In a column a few weeks ago, I wrote about my son's reluctance to return to school after summer vacation.
But my son had no choice. Education is compulsory in this country, and everyone, regardless of race, religion, or sex, must go. And so he got up, and he went to school, and he is there now as I write this column.
He is there with about 800 other kids, about half of whom are girls, and many of those girls presumably would rather be somewhere else than sitting at a desk writing a summary of "To Kill a Mockingbird" or listening to their teacher try to explain the American Revolution.
They might feel as though they've been detained from another, more interesting activity, such as playing tetherball or comparing their new Nikes to their best friend's rhinestone-encrusted sneakers. They might even, if asked, say they feel imprisoned.
And yet they are there, learning some things they will forget before dinner and some other things they might remember but will never use, and a few things they will both retain and apply in the future. But we know many of them are not very happy about it.
Malala Yousafzai, the girl who was shot in the head by the Taliban because she dared to have a voice, could not imagine the world our children live in.
She could not imagine a world where a girl might not want to go to school but would be forced to do so anyway; a world in which laws were written to require equal access to education for everyone under the age of 18.
She can, however, tell us a lot about a world where girls are banned from school; about Taliban edicts leading to mind-boggling brutality. And that could lead us to conclusions about how lucky our own children are.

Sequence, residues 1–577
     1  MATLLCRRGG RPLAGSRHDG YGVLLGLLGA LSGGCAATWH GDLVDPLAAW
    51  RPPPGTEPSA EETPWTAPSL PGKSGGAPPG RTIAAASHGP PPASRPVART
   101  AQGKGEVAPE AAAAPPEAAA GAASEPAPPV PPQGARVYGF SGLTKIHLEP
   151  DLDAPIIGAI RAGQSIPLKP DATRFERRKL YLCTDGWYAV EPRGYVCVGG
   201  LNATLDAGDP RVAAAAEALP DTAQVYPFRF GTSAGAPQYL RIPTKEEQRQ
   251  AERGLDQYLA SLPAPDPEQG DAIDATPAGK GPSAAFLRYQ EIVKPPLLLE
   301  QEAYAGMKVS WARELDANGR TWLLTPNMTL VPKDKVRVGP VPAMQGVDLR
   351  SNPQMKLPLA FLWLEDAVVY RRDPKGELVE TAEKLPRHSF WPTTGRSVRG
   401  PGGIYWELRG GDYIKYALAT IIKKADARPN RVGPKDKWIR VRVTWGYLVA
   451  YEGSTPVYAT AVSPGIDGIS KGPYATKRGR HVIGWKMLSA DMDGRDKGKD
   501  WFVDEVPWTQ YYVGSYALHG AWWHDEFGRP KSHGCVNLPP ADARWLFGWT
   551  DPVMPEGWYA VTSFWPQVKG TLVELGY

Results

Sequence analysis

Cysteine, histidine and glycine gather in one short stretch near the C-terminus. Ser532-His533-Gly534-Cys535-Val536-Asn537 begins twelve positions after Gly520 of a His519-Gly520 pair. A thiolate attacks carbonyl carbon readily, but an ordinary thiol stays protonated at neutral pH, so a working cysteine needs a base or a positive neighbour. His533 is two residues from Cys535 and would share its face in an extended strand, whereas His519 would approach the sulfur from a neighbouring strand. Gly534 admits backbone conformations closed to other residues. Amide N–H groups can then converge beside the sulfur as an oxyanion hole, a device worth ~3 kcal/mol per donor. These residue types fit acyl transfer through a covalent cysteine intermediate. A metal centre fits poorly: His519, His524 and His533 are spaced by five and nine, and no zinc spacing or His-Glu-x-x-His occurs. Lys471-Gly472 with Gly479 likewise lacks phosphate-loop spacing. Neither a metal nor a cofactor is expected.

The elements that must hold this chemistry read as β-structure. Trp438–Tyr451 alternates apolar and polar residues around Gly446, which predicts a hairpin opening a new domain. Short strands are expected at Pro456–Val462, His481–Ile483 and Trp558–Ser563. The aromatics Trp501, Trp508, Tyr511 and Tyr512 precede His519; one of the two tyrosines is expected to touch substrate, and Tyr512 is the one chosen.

Malala's blog was a daily chronicle of her life as a schoolgirl in the Swat Valley of northwestern Pakistan.
The Taliban has gained a strong foothold in her region and has used Sharia law to terrorize children who believe in the power and promise of reading, writing and thinking critically.
Malala wrote about how proud her father was of her popular blog, and how distressed he was that he could not reveal to his friends that it was written by his daughter. She described a trip her family took to Buner, a peaceful region not controlled by the Taliban, and how she longed for tranquility to return to Swat.
But she also mentioned that her friends were tired of hearing her go on and on about Buner, a passage in her blog that conjures groups of girls standing about during break, giggling.
She lamented that she and her parents could no longer enjoy the Sunday picnics that had once been a common outing for them. And she wrote, time and time again, about her fears of the Taliban and her determination to circumvent their ban against girls attending school.
Malala's name itself translates to "grief stricken," but she thought about changing her name to something more optimistic. Her mother, who might have had the privilege in her own childhood of attending school, thought this was a good idea.
After all, the Swat Valley has an established history of educating girls, going back to at least the middle of the 20th century. Once the Taliban is gone -- and people like Malala and her parents must believe that it will be gone in their lifetimes -- the region might again embrace hope.
Malala was shot and is critical condition because she had the audacity to dream and to express those dreams.
The power of her blog rested in its honesty and simplicity. It was merely the journal of a girl who wanted to go to school, and who fathomed somehow that liberty and education are linked.
The girls sitting in a classroom with my son today are there because as a nation we understand that reading, writing and knowing are not impediments to freedom but, instead, are crucial to happiness.
If those girls now dreaming of being anyplace other than Mr. McReddy's history class could speak to Malala, or read her blog, they might come to appreciate their good fortune.
Bowers is a lecturer in the Merritt Writing Program at UC Merced.